The ReachOut blog has recently been transformed into a hotspot for discussion on the roles, benefits and meanings of community service and service learning. The discussions began with a Boston Globe piece from February 1st entitled Volunteering spirit catches fire; Young Adults donate time, embrace the chance to give back. The article chronicled the rise of Young Adult volunteer involvment, making the point that “there’s increasing evidence that commitment to community service is becoming much more ordinary to today’s young adults.”  Here at ReachOut we see this evidence on a daily basis; we currently have 67 volunteers engaging in service through our program!

The debate got started when an interesting letter to the editor from February 9th questioned the legitimacy of these volunteers and asked where the role of service learning falls. Michael Jacoby Brown wrote, “your article focuses on the many positive aspects of volunteer work; however, it leaves untouched important questions about the consequences and learning that result from this upsurge in ‘service learning.’’’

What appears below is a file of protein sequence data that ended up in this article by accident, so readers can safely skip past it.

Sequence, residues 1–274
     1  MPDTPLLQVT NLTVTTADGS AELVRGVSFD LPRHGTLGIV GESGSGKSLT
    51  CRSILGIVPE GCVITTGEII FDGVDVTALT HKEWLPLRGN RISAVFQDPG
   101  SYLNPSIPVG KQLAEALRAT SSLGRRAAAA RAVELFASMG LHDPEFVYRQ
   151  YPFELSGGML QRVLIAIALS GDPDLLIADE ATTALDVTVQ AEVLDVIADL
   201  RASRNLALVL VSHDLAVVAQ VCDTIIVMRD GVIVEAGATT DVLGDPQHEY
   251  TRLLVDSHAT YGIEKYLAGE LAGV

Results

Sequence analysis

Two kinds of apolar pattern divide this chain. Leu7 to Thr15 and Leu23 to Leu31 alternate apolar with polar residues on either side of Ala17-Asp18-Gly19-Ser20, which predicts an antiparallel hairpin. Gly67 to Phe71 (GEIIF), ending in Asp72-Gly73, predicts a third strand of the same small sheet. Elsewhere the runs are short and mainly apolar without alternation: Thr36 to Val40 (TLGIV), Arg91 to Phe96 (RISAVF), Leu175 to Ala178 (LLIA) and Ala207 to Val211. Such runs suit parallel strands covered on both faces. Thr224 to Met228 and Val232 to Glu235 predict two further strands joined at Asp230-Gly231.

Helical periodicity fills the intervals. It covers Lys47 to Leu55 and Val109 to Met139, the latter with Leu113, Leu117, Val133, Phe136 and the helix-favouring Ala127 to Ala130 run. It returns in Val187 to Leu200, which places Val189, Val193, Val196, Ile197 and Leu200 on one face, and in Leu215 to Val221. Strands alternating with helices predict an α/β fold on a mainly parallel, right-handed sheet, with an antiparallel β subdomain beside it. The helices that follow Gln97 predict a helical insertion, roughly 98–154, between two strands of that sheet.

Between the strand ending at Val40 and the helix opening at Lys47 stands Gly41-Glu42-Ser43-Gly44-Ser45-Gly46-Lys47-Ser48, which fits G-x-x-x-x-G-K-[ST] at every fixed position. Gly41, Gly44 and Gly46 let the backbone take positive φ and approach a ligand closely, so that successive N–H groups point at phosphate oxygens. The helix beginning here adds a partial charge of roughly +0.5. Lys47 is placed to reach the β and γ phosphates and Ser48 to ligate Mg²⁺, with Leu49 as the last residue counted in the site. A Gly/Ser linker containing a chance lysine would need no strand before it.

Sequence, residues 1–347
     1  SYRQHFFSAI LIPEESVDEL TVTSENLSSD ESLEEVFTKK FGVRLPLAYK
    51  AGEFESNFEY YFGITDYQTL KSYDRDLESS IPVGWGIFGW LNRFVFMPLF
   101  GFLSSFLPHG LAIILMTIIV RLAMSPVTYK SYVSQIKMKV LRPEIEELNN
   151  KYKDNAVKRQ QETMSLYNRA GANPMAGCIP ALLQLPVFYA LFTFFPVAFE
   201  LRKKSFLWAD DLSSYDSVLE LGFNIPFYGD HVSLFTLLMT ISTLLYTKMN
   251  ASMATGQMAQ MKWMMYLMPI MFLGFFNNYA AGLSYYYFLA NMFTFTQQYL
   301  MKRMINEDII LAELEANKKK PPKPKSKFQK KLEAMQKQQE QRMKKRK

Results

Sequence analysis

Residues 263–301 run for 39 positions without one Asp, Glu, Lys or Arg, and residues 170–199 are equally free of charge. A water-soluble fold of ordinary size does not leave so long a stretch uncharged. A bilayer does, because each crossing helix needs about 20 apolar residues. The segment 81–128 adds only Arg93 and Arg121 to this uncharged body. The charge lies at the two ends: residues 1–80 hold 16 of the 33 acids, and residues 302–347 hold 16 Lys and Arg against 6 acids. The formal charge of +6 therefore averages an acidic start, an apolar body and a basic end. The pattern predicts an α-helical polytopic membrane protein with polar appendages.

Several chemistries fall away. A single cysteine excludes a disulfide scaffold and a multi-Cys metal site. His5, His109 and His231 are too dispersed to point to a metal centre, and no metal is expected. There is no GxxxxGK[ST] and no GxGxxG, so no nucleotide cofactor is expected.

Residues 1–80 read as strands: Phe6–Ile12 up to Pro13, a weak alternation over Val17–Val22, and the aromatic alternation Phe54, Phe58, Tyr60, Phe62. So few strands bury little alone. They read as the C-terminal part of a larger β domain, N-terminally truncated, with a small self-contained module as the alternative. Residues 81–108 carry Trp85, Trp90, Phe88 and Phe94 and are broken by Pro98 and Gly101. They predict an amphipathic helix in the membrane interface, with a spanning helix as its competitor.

ReachOut participants Darya Mattes and Brian Schon responded to these questions with two unique views. Brian takes issue with the letter to the editor, writing “the writer implies that since many service volunteers lack expertise in respective service fields that they are somehow not qualified to serve, and that because their work yields satisfaction, they are somehow not altruistic.” To read more of Brian’s piece, click here.

Darya’s reaction examines Brown’s letter to the editor in a different way. She begins by stating, “I share Michael Jacoby Brown’s concern about young people who volunteer without considering the root causes of poverty and inequality. However, he conflates “service learning” and “community service” in his letter. In fact, service learning, when done well, is an effort to address the very issues he raises.” Darya agrees that the volunteer experience must go one step further.

The ReachOut program incorporates service learning into our experience. We ask our participants to examine not only what they have learned about themselves, but to also consider the larger issues at play.  The philosophy of our service learning is echoed in Darya’s statement that “service learning invites volunteers to take the next step and imagine a world where their service would no longer be necessary. In doing so it has the potential to change the lives of service recipients and volunteers for the better”.